You’re preparing to expand your company into a new foreign market. One of the things you need is to have your website translated, or localized, into different languages, so that local customers in those countries can navigate with ease. You figure it’s a fairly simple task: simply compile the text from your current website and run it through Google Translate, and you’ll be all set, right?
Not even close. Even if machine translation could offer a perfect, word-for-word translation of your content (which it can’t), there are many more factors to consider when translating your site besides just the words on the screen. Here are four points to consider when localizing retail websites for foreign markets.
1. Currency and Payment Options – It’s important to make sure that the prices of all your products are converted into the appropriate currency for the country where they’re being sold, whether in Euros, Rubles, Yen, etc. But more than that, you need to consider different payment options in different countries and regions. In the U.S., you may handle most of your transactions through PayPal, but that may not be as popular in Germany or China, for instance. Become familiar with the popular payment options in the country and accommodate your customers in that region who prefer to pay by those methods.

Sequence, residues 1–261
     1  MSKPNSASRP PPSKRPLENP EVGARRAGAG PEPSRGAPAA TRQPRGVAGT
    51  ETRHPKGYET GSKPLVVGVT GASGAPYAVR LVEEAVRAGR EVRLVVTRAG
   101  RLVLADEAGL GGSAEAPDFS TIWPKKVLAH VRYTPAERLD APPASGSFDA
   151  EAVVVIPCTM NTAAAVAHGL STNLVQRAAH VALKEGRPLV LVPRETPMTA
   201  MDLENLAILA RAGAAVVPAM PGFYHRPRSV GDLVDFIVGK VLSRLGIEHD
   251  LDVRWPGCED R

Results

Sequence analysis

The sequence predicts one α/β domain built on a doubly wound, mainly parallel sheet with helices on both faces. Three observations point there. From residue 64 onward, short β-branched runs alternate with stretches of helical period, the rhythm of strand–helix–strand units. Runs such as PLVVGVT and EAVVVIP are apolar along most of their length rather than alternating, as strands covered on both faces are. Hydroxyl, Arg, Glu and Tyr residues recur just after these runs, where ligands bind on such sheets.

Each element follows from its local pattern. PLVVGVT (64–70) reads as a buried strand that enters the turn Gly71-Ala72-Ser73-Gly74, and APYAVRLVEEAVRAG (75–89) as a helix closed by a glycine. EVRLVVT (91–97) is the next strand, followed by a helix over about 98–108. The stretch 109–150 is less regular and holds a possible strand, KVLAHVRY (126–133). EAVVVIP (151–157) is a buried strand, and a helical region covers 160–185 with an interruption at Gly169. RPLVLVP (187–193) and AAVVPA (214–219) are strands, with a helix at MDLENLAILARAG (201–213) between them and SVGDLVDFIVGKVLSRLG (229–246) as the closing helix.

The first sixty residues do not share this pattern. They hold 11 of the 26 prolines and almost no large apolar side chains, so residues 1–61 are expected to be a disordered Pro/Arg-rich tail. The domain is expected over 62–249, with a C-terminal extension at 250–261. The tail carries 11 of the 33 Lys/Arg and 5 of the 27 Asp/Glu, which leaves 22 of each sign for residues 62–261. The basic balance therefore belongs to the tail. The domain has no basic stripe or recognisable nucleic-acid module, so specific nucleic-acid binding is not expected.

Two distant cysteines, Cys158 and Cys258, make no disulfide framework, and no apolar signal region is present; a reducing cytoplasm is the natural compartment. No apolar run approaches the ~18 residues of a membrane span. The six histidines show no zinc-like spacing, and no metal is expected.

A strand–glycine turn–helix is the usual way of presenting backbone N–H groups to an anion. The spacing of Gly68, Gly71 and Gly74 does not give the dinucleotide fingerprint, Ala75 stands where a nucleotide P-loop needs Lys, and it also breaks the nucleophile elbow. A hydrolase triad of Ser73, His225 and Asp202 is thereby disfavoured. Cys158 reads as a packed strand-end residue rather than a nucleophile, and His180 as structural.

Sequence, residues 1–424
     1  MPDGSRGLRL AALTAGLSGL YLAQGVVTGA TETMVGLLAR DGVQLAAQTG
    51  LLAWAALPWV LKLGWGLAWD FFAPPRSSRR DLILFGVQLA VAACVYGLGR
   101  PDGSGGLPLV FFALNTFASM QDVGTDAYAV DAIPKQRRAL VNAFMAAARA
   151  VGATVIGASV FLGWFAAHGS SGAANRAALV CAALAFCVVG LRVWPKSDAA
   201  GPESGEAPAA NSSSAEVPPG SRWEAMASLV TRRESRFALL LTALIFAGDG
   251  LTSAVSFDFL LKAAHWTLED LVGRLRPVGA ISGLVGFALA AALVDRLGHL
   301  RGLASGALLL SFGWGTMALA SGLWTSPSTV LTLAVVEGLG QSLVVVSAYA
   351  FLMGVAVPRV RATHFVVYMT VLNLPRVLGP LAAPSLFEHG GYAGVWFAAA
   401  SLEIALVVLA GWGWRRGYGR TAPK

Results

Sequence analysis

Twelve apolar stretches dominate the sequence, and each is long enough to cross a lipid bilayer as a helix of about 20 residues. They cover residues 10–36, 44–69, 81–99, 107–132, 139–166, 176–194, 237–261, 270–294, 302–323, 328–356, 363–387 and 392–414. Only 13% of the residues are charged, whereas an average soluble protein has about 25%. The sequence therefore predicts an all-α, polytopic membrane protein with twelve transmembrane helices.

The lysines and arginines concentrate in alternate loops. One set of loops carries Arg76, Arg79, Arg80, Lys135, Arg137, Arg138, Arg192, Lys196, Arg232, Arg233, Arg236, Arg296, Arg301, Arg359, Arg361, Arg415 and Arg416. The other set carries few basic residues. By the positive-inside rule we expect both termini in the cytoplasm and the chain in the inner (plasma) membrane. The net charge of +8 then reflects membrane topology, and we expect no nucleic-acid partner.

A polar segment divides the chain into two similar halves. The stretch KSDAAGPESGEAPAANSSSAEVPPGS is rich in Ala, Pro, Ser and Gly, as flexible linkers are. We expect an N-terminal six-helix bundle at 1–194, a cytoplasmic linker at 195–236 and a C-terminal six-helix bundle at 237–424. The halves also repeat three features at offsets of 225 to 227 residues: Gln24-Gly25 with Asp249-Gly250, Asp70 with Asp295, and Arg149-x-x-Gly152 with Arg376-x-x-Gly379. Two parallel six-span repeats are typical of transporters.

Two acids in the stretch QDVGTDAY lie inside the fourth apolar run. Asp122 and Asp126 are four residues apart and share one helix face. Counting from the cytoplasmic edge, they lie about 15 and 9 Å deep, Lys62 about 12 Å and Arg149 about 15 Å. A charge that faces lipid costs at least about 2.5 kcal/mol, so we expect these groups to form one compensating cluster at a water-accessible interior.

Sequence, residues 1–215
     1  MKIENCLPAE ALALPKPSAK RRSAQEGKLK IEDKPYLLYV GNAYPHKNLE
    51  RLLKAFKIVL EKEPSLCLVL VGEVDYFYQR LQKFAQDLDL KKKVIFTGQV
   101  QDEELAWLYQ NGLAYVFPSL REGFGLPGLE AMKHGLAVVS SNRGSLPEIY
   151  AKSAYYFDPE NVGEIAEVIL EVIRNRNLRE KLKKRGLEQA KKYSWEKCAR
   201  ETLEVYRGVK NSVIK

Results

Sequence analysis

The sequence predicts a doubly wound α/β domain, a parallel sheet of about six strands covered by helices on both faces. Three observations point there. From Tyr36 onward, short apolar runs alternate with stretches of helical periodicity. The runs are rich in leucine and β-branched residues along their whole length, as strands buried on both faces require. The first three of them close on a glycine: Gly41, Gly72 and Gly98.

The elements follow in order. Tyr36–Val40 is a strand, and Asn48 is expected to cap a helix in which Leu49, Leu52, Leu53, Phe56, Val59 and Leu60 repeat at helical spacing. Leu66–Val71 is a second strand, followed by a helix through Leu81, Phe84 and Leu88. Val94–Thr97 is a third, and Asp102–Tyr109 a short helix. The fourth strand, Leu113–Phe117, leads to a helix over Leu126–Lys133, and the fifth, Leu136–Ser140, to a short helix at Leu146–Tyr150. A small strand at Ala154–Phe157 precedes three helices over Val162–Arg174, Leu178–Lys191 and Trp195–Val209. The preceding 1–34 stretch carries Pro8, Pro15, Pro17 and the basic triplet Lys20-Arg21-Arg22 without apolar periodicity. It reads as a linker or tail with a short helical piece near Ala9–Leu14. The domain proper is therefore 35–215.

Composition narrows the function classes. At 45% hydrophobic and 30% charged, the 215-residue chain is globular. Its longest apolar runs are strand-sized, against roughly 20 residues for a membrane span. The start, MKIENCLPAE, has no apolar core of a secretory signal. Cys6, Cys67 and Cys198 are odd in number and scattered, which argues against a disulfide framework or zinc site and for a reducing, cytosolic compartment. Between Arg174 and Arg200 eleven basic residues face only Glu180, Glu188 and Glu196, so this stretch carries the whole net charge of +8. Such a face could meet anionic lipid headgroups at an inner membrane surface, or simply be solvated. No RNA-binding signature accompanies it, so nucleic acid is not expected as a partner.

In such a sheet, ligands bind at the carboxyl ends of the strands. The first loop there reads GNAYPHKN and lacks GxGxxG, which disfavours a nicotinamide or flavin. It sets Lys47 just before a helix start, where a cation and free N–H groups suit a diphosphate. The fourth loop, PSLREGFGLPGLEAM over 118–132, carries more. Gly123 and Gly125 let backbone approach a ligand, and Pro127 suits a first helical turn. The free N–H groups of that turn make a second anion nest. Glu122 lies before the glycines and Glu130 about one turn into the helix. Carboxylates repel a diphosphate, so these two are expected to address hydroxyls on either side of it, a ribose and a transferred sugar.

2. Fulfillment – How will you ship your product to your customers? Will you ship internationally, or have local shipping facilities in each country? If you’re shipping internationally, what are the extra international shipping costs, and what customs fees or import duties are applicable? If you don’t inform your customers in advance, they’re likely to be surprised when checkout time comes around, and the extra costs could be problematic. If you’re shipping locally, what shipping service will you use? What services are available/popular in the area, and are they reliable for getting the customer their product in a timely manner?